By Katie Gagliano and Tryfon Boukouvidis, LSU Manship School New Service
BATON ROUGE — With the collapse of the special session on Monday without any solution to the state’s budget problems, legislators in both parties are warning that all the bickering and mistrust will make it harder for them to come together on other important issues.
Gov. John Bel Edwards said in a post-session news conference that House Speaker Taylor Barras, R-New Iberia, reneged on a promise in early February to deliver 40 GOP votes for proposals to raise $440 million of revenue. Edwards said Barras cut that offer down to $220 million when the session opened a week later without even telling him and then failed to deliver on that.
Barras’ behavior “caused tremendous problems that we never recovered from in this session,” the governor said, referring to it as “a spectacular failure of leadership in the House.”
Edwards’ assertion about Barras, who did not respond to a request for comment, is one example of the allegations of broken faith on both sides in what Edwards called a “totally dysfunctional” session permeated with distrust and political maneuvering.
On Sunday, a last-ditch effort to find solutions to a projected $1 billion budget shortfall disintegrated when a majority of Democrats voted down a Republican bill to extend a quarter penny increase in the sales tax out of fear that Republicans would renege on a compromise to support New Orleans Democrat Walt Leger’s bill, which limited income tax deductions.
Edwards’ statement came several days after Rep. Barry Ivey, R-Central, and others said on the House floor that some Republicans were stalling action on tax reforms to prevent Edwards from having a “win” ahead of his 2019 reelection campaign. Edwards said while that mentality may not dominate the legislative body, it is hampering progress.
“The level of acrimony and distrust is more than anything I’ve seen in my 10 years in state government,” he said. He added that “some obstructionists” in the House were “hurting the state of Louisiana because we have a big problem to fix, and so long as they’re motivated by that, then they’re not focused on fixing the problem.”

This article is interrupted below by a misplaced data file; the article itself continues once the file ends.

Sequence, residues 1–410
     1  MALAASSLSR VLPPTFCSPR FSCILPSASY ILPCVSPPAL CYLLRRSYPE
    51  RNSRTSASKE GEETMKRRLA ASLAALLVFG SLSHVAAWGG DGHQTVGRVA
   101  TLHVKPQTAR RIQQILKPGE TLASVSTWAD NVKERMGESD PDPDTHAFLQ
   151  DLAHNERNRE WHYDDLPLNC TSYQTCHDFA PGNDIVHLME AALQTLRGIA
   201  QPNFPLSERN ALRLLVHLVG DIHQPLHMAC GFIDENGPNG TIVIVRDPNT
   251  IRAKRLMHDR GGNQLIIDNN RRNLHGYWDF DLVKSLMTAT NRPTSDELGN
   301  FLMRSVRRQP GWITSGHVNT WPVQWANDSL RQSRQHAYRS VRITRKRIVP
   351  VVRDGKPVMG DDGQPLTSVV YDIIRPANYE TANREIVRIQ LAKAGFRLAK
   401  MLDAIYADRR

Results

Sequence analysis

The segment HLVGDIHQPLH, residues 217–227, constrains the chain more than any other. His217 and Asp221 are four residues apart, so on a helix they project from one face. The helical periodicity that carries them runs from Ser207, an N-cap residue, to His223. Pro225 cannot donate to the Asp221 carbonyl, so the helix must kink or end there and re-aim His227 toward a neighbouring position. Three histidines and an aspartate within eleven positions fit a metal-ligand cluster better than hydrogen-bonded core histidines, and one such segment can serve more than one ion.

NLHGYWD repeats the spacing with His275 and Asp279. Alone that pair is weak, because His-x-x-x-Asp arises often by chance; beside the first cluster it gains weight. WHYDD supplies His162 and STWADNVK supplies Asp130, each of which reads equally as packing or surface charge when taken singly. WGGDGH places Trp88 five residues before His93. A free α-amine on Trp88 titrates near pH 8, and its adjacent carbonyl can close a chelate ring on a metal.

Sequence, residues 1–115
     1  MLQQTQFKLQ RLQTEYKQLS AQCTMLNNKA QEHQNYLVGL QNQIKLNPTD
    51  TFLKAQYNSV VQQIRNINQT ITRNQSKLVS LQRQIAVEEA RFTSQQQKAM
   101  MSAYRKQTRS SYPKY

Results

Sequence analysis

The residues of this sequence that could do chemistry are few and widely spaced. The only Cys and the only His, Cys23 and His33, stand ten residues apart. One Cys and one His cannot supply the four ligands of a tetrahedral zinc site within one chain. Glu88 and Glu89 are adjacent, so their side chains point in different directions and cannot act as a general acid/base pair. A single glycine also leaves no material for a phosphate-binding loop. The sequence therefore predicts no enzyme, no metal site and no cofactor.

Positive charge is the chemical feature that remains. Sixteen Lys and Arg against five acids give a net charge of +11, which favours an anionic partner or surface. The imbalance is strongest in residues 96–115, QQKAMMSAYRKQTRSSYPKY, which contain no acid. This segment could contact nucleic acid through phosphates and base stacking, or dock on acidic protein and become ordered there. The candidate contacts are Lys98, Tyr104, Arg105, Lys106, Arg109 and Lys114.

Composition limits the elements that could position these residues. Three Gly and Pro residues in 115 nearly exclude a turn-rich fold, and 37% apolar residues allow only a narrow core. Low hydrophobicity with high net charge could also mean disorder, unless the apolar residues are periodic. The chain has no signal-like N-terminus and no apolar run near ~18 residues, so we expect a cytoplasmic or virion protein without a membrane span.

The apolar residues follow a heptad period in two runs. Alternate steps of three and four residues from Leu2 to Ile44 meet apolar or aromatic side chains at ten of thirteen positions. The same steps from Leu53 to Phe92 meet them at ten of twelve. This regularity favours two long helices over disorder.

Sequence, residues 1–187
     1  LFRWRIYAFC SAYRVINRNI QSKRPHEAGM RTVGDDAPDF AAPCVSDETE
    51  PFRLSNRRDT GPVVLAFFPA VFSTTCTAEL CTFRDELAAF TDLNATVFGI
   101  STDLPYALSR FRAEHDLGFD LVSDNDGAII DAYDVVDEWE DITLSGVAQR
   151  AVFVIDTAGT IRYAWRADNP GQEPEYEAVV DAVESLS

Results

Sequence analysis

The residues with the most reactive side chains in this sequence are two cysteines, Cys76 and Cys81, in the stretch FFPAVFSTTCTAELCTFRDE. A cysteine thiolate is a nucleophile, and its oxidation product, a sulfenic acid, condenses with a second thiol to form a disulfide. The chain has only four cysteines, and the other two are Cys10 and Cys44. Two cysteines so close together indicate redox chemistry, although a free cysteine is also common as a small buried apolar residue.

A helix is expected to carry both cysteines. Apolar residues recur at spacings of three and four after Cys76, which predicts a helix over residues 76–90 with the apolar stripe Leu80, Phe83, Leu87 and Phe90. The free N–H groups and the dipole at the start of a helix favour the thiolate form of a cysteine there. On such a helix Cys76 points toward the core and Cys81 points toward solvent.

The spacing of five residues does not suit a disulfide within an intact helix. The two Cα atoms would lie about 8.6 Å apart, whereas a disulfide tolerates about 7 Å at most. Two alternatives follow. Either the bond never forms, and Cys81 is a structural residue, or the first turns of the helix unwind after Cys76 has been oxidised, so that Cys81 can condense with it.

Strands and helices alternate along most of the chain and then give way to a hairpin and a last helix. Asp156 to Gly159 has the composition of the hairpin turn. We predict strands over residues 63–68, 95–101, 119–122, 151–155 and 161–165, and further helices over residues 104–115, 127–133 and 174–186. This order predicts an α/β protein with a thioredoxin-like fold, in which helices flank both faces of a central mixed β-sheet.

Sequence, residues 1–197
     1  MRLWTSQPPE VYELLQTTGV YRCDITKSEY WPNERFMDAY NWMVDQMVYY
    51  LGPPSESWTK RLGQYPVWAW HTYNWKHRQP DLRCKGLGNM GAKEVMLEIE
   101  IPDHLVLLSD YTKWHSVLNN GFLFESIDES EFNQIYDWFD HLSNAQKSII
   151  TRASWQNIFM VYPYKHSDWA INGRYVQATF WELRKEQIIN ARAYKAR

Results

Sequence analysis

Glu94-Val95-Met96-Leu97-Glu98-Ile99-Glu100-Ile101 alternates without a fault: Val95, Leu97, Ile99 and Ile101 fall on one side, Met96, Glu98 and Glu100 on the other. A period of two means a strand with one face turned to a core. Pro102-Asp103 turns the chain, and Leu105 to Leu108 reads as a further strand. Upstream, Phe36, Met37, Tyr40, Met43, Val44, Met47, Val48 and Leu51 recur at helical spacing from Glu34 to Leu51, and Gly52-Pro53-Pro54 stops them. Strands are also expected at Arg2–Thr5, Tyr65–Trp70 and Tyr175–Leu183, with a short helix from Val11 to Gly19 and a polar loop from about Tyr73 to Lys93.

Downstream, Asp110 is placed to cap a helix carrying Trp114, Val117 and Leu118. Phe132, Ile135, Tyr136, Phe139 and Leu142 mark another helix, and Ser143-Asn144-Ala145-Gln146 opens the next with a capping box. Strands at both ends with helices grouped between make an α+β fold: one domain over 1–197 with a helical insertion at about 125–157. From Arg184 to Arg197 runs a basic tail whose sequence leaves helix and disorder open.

Ivey said he feared that with the session’s implosion, the tensions “would continue to rise probably to a point which we’ve never seen before where the heels get dug in deeper and the possibility of working together really dissipates.”
Others agreed that they don’t see an end to the negativity and apathy any time soon. Rep. Jack McFarland, R-Jonesboro, said representatives have turned on members within their own party and the continued fracturing makes it difficult to build consensus.
McFarland said roughly five groups are developing within the House, ranging from the ultra-conservative “party of no” Republicans to the Legislative Black Caucus, which emerged as a strong voting force this special session.
McFarland said, “I think the bridges have been burned, and I don’t believe they’re going to be mended.”
Rep. Joseph Bouie, D-New Orleans and Legislative Black Caucus chair, said the distrust in the session also resulted from Republicans tying bills that tightened Medicaid eligibility to revenue ones even though they were not germane to the fiscal cliff.
“In our opinion, as Democratic Caucus and as Black Caucus, we felt the so-called reforms were just ways to really punish those who are the least of us,” he said. “To have Medicaid recipients have to jump through hoops to receive healthcare is unconscionable, so we did not want to do that.”
Rep. Patricia Smith, D-Baton Rouge, another Black Caucus member, said the lack of trust was not one-sided. Republican members also lacked faith that Leger could keep his bill as it was, fearing that amendments in the Senate would have expanded it to alter income tax brackets, a move they opposed. Some Republicans also doubted that the budget hole will end up being as large as the governor’s $1 billion estimate.
Lawmakers are facing nearly $1 billion in cuts when the special session convenes March 12, with key services including health care and higher education poised to take the brunt of cuts. The governor’s doomsday budget, which assumes there will be no new revenue to replace an expiring penny of sales tax, slashes the entire appropriation for the popular TOPS scholarship program, a $233 million hit, and cuts higher education institutions by nearly $26 million. Health care would lose 20 percent of its general fund budget, roughly $490 million, followed by nearly $1.5 billion in federal matching dollars.
Legislators’ options for cuts are largely limited to these two high-profile areas because they are the biggest discretionary spending pots in a budget bound largely to services and funds mandated by statute or the Louisiana constitution.
Talk of the next special session is already brewing, as legislators cannot raise revenue in even-numbered years. Gov. Edwards said he’s considering shortening the regular session to convene another special session in mid-May.
Bouie said “there’s a fundamental difference in belief systems” as Republicans believe the state has a spending problem while Democrats suggest there is a revenue problem.
Edwards said fiscal conservatives who insist on cutting their way out will be hard pressed to pass a budget in the regular session. “I don’t believe it’s possible,” he said.
Sarah Gamard, Drew White and Ashley Wolf contributed to this report.